Another significant point was the preponderance of the number ‘five’ in the entire ceremony. Firstly, Guru Gobind Singh stopped after calling five volunteers. The ceremony was conducted using five substances – an iron bowl, water, sugar crystals, a double-edged sword and recitation of the five liturgical prayers (panj banis). The pahul was given to the volunteers to drink it five times and then it was sprinkled on their eyes and hair five times. Finally, the ‘Five Ks’ were made mandatory for the Sikhs.
A proper understanding of the significance of the number ‘five’ in the Indic framework in general and the Sikh worldview in particular would make it evident that this preponderance of the number five was neither accidental nor coincidental. In the Indian thought, the human body is made up of five elements – air, water, earth, fire and ether. There are five senses of action and five senses of knowledge. Further, there are five vices – lust, anger, greed, attachment and pride and also five virtues – truth, contentment, compassion, duty and patience.
In the teachings of the Gurus, the number five acquires further significance. In the Japji, Guru Nanak refers to the five realms of spiritual development.5 His conception of panch (lit. five) refers to the truly devout who win divine approval to become supreme as the leaders of men.6 Guru Nanak’s ideal of panch later on became the inspiration of Guru Gobind Singh’s selection of ‘The Beloved Five’ (Panj Piarey) on the Vaisakhi of 1699.
Bhai Gurdas dwells at length to detail the significance of the number five in one of his compositions.7 Herein he also expresses the idea that wherever five Sikhs are gathered there God too is present. This provides a clear indication why groups of five Sikhs were asked to administer pahul to those desirous of partaking it.
The use of the double-edged sword by Guru Gobind Singh during the ceremony of initiation was also not accidental. ‘Sharp as the edge of the double-edged sword’ was the metaphor used by Guru Nanak for his faith.8 This metaphor was used by Guru Amar Das too (‘Sharper than the double-edged sword and thinner than a hair’).9 Bhai Gurdas used it for the path of Guru Hargobind, ‘the master of both the spiritual and temporal realm.’10 Guru Gobind Singh was giving tangible shape to an idea and a metaphor made current by his predecessors.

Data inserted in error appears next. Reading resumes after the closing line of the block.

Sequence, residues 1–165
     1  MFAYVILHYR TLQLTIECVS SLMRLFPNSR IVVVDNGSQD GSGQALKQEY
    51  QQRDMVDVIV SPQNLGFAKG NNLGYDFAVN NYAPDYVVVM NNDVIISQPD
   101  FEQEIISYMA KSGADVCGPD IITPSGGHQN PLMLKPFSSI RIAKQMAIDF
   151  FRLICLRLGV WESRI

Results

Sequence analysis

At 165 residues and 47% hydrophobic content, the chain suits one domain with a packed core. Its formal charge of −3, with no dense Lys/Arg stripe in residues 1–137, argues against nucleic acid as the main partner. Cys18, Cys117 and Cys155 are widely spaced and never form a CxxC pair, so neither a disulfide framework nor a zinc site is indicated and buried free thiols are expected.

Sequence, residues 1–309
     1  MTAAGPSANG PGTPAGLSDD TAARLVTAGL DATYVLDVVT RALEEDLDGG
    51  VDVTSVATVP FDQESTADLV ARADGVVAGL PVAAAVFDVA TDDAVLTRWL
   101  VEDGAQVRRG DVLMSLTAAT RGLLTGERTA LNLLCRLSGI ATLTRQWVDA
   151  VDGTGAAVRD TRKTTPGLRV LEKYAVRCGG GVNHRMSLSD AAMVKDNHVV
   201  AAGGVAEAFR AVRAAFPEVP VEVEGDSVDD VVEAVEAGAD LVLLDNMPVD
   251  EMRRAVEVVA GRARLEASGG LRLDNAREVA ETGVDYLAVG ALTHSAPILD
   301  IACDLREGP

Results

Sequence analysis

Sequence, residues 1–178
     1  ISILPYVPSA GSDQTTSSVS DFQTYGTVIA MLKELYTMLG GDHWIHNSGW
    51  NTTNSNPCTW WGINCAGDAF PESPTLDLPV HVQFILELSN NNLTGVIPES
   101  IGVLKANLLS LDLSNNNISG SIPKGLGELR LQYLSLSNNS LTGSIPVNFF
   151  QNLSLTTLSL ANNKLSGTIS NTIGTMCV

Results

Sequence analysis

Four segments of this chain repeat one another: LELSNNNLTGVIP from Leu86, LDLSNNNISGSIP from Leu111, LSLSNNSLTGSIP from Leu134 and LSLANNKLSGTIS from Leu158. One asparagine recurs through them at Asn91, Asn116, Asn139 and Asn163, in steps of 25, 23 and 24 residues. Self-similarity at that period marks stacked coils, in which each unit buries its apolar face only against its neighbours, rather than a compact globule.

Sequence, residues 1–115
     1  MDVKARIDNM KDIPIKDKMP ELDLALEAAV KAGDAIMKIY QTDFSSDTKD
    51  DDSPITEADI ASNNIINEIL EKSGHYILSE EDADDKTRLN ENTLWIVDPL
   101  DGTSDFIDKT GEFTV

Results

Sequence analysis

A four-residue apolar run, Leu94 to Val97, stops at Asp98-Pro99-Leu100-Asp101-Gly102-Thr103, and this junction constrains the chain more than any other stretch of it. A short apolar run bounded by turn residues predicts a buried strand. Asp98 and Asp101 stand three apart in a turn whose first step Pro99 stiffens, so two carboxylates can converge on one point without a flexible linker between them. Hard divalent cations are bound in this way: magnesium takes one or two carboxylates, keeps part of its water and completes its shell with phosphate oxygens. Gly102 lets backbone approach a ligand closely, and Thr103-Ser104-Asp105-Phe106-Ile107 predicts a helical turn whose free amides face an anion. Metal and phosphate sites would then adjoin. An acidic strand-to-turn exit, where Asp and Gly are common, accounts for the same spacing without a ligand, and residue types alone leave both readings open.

Now let us analyze the events of Vaisakhi of 1699 in light of a framework developed after studying the initiatory rites of various orders.
The term initiation in the most general sense denotes a body of rites and oral teachings whose purpose is to produce a radical modification of the religious and social status of the person to be initiated. In philosophical terms, initiation is equivalent to an ontological mutation of the existential condition. The novice emerges from this ordeal a totally different being: he becomes ‘another’.11
According to Mircea Eliade, the initiatory rites always follow a standard pattern that involves:
Initiatory ‘death’ signifies both the end of the ‘natural’ acultural man and the passage to a new mode of existence, that of a being ‘born to the spirit’, that is, one who does not live exclusively in an immediate reality. Thus the initiatory ‘death’ and ‘resurrection’ represents a religious process through which the initiate becomes ‘another’, patterned on the model revealed by ‘gods’ or mythical ancestors.12
Analyzing the events of Vaisakhi of 1699, we find that they conform to the abovementioned tripartite pattern. Each time a volunteer responded to the Guru’s call for a head, he was ushered out of the congregation into the tent. This signifies the first stage of ‘seclusion’ where the initiate is separated from his social role and rank. He is now at the dynamic threshold where the past borders are gone and future possibilities are yet to come.
In the second stage the volunteer is alone in the tent with Guru Gobind Singh. What happens inside is not known to the congregation outside. The volunteer has made his passage into a liminal sphere. Guru Gobind Singh comes out of the tent with a bloodied sword in his hand. The volunteer is assumed dead by the Vaisakhi gathering.
This whole process is repeated with all the five volunteers. Then the initiates are led out of the tent by Guru Gobind Singh and the initiation with the double-edged sword is carried out. A new code of conduct is prescribed and ‘the Beloved Five’ are now resurrected. They now return to society with a new status and role and with a new awareness of the self.